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A First Look at Eclipse Plug-In Programming

  • February 23, 2004
  • By Koray Guclu
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1.6.1 Eclipse startup

Eclipse contains an executable called eclipse.exe under the root directory of the Eclipse installation. The executable binary file allocates an amount of memory and launches the org.eclipse.core.launcher.Main application, located in startup.jar, from within its allocated memory. This startup file is in the same directory as the Eclipse executable.

The source code of the startup.jar file is located under the org.eclipse.platform plug-in directory of the Eclipse source code. In binary Eclipse, this plug-in only contains the splash screens and icons of the Eclipse platform. This jar file only contains one Main class that loads the platform. The package name of the class is org.eclipse.core.launcher.Main, which is different from the plug-in name.

If the boot <URL> option is not specified as a startup parameter to the Eclipse binary executable, the startup.jar will load the org.eclipse.core.boot.BootLoader by default. This class is responsible for loading the platform runtime.

The org.eclipse.core.runtime package is the main player.

The Eclipse.exe file is a platform-specific binary file. By default, it runs org.eclipse.core.launcher.Main, which is located in the startup.jar file.

You can only run one instance of Eclipse with one workspace. If you want to run another instance of Eclipse at the same time, you need to specify another workspace location as the startup parameter to theeclipse.exe binary executable file.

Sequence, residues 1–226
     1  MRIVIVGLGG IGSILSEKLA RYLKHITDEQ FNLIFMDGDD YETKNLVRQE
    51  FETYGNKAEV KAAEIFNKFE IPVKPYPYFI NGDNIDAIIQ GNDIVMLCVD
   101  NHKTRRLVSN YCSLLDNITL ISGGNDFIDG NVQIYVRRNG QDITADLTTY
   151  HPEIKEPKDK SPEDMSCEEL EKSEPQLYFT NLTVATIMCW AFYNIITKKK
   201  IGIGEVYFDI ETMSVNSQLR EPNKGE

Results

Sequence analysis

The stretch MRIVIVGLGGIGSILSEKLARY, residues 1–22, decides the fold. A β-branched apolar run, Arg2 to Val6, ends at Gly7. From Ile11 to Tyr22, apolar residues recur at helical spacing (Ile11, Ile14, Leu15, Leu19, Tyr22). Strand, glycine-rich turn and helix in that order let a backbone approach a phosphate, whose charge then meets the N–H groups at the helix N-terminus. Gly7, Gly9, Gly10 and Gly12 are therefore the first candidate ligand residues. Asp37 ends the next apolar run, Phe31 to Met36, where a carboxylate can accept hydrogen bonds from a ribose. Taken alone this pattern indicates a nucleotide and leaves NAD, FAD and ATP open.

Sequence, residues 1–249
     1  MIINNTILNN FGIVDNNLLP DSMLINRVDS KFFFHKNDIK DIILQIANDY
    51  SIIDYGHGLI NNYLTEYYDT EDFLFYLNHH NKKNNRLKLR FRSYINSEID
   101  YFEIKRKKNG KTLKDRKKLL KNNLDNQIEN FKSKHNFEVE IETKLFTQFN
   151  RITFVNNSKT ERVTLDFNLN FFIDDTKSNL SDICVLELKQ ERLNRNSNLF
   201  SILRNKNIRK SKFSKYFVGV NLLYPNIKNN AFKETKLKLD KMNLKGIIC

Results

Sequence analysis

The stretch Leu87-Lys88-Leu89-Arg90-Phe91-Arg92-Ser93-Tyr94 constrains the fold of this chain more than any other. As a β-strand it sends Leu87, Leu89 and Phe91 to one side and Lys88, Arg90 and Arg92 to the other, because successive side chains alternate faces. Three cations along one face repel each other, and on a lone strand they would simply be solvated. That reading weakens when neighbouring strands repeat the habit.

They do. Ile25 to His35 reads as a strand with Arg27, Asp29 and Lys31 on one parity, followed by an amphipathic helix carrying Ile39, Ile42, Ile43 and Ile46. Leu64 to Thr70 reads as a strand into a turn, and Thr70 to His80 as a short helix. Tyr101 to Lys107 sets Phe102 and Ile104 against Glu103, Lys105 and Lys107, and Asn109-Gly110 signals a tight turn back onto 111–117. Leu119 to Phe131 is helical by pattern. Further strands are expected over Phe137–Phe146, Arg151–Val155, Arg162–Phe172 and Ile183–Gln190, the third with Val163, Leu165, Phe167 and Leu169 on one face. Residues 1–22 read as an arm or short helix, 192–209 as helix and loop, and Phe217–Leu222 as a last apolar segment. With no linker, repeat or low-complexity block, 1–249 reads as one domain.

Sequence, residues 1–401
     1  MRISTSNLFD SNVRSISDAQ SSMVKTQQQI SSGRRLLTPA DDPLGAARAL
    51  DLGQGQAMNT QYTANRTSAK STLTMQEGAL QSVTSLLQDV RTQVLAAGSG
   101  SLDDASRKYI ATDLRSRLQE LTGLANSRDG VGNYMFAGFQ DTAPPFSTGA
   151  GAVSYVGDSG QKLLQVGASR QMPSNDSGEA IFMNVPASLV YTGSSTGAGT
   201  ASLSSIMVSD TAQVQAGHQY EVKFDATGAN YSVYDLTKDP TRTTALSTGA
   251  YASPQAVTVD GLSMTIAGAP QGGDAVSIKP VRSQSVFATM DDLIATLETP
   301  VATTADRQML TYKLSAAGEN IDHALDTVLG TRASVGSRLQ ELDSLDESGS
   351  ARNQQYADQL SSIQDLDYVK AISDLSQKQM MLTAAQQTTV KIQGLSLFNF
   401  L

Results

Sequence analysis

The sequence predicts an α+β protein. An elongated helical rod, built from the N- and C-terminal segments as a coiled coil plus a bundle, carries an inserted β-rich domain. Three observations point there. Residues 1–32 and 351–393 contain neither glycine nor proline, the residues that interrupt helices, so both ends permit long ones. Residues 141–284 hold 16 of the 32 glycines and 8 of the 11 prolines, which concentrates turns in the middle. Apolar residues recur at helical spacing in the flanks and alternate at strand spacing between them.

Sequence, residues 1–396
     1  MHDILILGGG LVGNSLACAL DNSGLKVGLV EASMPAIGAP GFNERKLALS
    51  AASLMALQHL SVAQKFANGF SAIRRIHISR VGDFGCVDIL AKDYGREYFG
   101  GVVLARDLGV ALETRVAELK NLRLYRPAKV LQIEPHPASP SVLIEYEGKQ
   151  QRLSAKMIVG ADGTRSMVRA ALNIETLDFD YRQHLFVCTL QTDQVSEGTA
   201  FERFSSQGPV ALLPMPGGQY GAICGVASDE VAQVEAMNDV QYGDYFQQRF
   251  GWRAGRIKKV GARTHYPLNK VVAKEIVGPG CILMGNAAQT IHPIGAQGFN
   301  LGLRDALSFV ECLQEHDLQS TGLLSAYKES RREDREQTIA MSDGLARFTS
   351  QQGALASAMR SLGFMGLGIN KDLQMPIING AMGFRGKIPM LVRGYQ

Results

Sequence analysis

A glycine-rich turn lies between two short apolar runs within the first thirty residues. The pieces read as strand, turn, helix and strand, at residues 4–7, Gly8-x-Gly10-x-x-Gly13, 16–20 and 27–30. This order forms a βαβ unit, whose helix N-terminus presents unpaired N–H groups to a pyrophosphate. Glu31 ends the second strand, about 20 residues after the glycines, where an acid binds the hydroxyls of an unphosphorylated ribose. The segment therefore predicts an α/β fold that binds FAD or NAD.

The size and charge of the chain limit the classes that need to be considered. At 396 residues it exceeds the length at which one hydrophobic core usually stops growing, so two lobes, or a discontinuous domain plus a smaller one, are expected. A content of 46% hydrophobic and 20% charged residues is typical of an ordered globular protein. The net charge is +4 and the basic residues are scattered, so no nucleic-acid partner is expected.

1.7. Eclipse vocabulary

It is helpful to learn a little Eclipse vocabulary before getting into it. The picture below shows a workbench window.

Figure 5. Eclipse Workbench Window

  • Workbench—from the end-user's point of view, a workbench is the main window of Eclipse.
  • Parts—a set of views or editors in a workbench window.
  • Perspective—defines tje layout and initial set of views and editors (parts) in a workbench. The Shortcut bar shows a list of perspectives.
  • Extension point—a place where you can extend an existing functionality.
  • Extension—a thing with which you extend an existing functionality.
  • Display—represents the connection between SWT and the underlying platform's GUI system.
  • Shell—a window managed by operation system's window manager.

2. Plug-in development

2.1. Setting up Eclipse

Developing plug-ins is different than developing a pure Java application. Apart from the JDT, PDE tools are also provided to develop plug-ins for the Eclipse platform.

You need to use other plug-ins defined by the Eclipse platform. Those plug-ins must exist in your class path. Instead of importing all plug-ins as a Java project, PDE provides a space-efficient way to use them; you cannot modify the plug-in code, but you can browse.

To set up your workspace, you need to do the following:

  1. Switch to the appropriate perspective: Window->Open Perspective-> Java
  2. Figure 6. Perspective Selection

    Associated perspective
    If you create a new project, Eclipse will ask you to switch to the associated perspective of the created project.

  3. Import the necessary plug-ins through a widget: "File->Import...->External Plug-ins and Fragments".
  4. Figure 7. Plug-in Import

    Accept the default values on the second page. The third page shows the available plug-ins. Choose "Select All" to import all the plug-ins into your workspace. Click finish.

    Figure 8. Selection of the Plug-ins for Import

    Afterwards, plug-ins will be copied into your workspace and they will be available in the classpath. You can see the imported plug-ins and their source code from "Window-> Open Perspective -> Plug-in Development."

    Importing plug-ins
    If you skip that step, the Eclipse plug-in creation wizard will import the required plug-ins that are needed to compile the plug-in.




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